three factors of production: Capital, labour and land. As always, the most important considered determinant of economic growth is savings. There is no direct correlation between inflation and its tax effect on the output and profit level. The classical economic theory states that employment and output not are determined by the creation of money but the short‑run production function of Capital and labour, for instance: Y= fA (L, K), where Y is obviously the output, K is accumulated capital, A is the level of technology and L is the labour force. Consequently, the economic growth can be obtained only if the capital cumulation or labour force rises with a to prevent some diminishing returns in the level of technology-induced by an increase in the labour force or capital. However, investment is the unique determinant of economic growth, which is affected by savings. The interest rate is reduced by an increase by savings, hence increasing investment, to balance out the diminution in consumption due to such higher levels of savings. However, a decrease in savings will raise the interest rate and decrease investment, and hence depress economic growth. It always states that money does not influence real variables as such in the long run but can fix price levels in an economy. Even though the interrelationship between economic growth and inflation is not clearly stated in the classical theory of growth, it is implicitly alleged that there is a significant negative relationship between the two variables. Particularly, it encourages borrowing and discourages saving, which increases the nominal interest rate. An increase in the nominal interest rate, in turn, discourages growth and discourages investment. In order to enhance economic growth, the conventional view on inflation holds that inflation should be moderate and stable but not too high. When the level is at lower rates the inflation‑growth relationship can also be affected by other macroeconomic variables and hence at that specific moment the marginal effect of inflation on growth is stronger (e.g., The degree of financial development, trade openness, and public expenditure). There is still a huge controversy about the specific threshold level of Economic growth and inflation…The non‑linear relationship as mentioned is sensitive to different methodologies, (developed countries and developing).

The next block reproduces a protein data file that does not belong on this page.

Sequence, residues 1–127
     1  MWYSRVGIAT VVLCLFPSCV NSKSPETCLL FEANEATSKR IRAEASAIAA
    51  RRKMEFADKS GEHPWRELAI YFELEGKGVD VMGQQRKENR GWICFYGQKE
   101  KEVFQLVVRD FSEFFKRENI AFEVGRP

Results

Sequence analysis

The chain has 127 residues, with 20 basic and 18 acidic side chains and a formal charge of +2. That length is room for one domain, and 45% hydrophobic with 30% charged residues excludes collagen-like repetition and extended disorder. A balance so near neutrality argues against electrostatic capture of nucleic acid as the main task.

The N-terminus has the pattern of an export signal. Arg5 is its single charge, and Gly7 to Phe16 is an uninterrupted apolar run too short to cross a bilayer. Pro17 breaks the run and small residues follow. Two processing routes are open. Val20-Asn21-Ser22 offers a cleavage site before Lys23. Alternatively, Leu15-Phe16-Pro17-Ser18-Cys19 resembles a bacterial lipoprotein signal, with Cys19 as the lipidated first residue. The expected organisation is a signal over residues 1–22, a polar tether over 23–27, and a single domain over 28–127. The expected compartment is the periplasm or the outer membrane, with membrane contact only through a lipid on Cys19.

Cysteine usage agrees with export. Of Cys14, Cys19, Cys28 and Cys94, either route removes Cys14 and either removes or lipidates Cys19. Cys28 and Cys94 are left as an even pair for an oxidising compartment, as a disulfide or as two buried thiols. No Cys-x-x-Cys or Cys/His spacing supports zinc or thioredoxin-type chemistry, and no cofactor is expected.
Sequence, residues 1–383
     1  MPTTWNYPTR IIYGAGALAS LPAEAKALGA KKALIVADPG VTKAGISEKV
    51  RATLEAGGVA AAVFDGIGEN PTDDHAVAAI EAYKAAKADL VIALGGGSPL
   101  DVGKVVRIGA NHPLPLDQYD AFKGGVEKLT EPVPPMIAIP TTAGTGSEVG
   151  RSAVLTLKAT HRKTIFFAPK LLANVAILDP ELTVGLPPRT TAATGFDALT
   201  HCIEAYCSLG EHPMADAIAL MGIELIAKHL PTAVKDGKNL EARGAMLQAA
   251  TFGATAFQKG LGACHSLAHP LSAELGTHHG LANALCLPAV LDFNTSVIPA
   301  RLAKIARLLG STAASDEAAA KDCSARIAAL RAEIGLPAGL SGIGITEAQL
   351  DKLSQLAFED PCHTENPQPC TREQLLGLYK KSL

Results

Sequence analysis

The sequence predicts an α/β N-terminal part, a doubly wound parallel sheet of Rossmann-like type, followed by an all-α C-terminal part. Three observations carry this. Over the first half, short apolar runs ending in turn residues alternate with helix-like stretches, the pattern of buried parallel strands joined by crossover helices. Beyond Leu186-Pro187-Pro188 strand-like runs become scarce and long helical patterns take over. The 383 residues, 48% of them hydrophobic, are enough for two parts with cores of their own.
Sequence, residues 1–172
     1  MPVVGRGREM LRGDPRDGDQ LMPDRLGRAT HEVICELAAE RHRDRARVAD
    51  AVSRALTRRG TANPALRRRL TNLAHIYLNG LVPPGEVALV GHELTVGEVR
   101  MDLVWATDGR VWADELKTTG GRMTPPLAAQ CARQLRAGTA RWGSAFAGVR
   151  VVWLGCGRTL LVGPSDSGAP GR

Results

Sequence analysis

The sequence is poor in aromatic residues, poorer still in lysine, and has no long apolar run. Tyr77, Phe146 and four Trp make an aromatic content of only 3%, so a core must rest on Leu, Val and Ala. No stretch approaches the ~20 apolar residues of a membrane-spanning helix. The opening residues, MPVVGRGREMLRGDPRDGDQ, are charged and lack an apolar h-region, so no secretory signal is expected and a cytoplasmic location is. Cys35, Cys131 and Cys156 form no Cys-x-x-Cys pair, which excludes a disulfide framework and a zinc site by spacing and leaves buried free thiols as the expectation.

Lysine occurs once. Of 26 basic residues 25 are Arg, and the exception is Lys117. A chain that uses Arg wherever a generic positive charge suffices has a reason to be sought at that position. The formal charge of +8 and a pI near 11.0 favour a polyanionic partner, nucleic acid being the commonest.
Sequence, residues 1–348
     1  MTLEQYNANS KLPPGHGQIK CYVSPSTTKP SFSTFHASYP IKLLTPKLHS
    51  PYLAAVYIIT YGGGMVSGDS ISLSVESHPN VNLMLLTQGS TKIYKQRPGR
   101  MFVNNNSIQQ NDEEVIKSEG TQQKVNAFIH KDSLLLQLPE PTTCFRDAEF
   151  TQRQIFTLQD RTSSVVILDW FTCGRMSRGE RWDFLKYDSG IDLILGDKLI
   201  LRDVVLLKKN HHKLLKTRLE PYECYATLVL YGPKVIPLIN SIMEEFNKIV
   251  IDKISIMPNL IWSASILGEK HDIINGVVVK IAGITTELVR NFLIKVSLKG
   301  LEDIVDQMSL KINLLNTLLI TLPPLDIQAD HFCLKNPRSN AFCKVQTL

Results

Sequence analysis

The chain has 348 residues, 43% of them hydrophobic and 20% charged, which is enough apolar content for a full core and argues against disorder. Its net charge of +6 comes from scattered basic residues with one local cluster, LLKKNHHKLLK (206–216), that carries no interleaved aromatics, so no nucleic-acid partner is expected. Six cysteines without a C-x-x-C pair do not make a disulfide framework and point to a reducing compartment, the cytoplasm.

Basic determinants of growth: the accumulation of physical and human capital

  1. a) The accumulation of physical capital

One of the principal factors of determining the level of real output per capita is the rate of accumulation of physical capital even though, its real effects could be more or less permanent determined by some extent to which technological innovation is incorporate in new capital. Whatsoever the passing mechanism from capital accumulation to growth, the considerable differences in the investment rate throughout countries and over time point to it as a possible source of cross-country disparities in output per capita.

  1. b) Human capital